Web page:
Jut
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Jut
See also: jüt

English

Etymology

From Middle English [Term?], alteration of jet, cognate with jetty.

Pronunciation

Verb

jut (third-person singular simple present juts, present participle jutting, simple past and past participle jutted)

  1. (intransitive) To stick out.
    the jutting part of a building
    • (Can we date this quote by Sir Thomas Browne and provide title, author's full name, and other details?)
      It seems to jut out of the structure of the poem.
    • 1997, Don DeLillo, chapter 1, in Underworld:
      ...enormous Chesterfield packs aslant on the scoreboards, a couple of cigarettes jutting from each.
  2. (obsolete) To butt.
    • (Can we date this quote by Mason and provide title, author's full name, and other details?)
      the jutting steer

Derived terms

Translations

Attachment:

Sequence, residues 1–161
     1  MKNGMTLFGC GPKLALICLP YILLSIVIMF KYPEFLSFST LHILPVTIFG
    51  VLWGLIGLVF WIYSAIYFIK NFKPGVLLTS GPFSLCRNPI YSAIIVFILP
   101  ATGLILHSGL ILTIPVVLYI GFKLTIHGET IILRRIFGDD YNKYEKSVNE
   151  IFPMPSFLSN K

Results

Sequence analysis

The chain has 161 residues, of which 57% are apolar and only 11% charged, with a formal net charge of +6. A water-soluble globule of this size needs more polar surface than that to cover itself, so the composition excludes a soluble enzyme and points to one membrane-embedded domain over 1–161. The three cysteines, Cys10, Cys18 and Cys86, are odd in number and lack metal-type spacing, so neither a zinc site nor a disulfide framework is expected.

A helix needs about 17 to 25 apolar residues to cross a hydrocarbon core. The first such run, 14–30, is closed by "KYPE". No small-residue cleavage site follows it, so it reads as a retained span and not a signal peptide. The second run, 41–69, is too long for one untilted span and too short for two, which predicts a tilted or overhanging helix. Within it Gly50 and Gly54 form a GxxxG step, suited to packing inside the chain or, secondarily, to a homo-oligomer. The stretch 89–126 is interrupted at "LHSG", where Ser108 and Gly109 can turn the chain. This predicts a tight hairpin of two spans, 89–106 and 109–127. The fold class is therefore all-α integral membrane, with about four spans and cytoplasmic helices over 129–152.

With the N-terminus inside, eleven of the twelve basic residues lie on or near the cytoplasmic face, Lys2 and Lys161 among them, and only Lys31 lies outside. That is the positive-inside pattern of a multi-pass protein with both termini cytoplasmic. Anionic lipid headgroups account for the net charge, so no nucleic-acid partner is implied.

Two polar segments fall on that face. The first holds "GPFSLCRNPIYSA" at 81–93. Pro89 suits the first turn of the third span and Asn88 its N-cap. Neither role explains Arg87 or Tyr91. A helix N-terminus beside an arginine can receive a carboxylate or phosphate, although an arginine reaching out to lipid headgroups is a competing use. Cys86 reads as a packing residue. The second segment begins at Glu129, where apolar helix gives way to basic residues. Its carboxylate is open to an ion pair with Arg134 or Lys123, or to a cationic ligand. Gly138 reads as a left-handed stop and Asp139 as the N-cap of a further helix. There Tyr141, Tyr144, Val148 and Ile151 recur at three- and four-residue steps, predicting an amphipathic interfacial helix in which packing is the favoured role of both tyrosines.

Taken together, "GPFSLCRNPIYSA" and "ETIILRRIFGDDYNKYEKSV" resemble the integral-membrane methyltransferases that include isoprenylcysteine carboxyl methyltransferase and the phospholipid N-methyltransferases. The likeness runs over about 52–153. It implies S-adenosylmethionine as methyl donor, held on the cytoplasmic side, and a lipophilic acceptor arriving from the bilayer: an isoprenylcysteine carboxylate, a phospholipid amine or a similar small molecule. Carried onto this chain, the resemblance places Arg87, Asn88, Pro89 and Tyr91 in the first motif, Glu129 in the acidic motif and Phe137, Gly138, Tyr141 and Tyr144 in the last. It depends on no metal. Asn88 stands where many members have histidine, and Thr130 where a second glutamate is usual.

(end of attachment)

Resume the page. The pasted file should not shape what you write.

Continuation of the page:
Noun

jut (plural juts)

  1. Something that sticks out.
    Synonyms: outcrop, protrusion
    • 1999, Stardust, Neil Gaiman, page 3 (2001 Perennial Edition).
      The town of Wall stands today as it has stood for six hundred years, on a high jut of granite amidst a small forest woodland.

Translations

Anagrams


Gothic

Romanization

jut

  1. Romanization of

Hungarian

Etymology

From Proto-Ugric *jukt?- ("to come").[1][2]

Pronunciation

  • IPA(key): ['jut]
  • (file)
  • Rhymes: -ut

Verb

jut

  1. (intransitive) to get to somewhere (to a location or a situation), to arrive (via a process or a journey)
  2. (intransitive) to come by something (-hoz/-hez/-höz)
    sok pénzhez jut - to come by a large amount of money
  3. (intransitive) to be left to someone, to be given to someone (-nak/-nek)
    Az ételb?l csak három embernek jut. - The food is enough for only three people.

Conjugation

Derived terms

(With verbal prefixes):

(Expressions)

References

  1. ^ Entry #1762 in Uralonet, online Uralic etymological database of the Research Institute for Linguistics, Hungarian Academy of Sciences.
  2. ^ Zaicz, Gábor. Etimológiai szótár: Magyar szavak és toldalékok eredete ('Dictionary of Etymology: The origin of Hungarian words and affixes'). Budapest: Tinta Könyvkiadó, 2006, ->ISBN

Old French

Verb

jut

  1. third-person singular past historic of gesir

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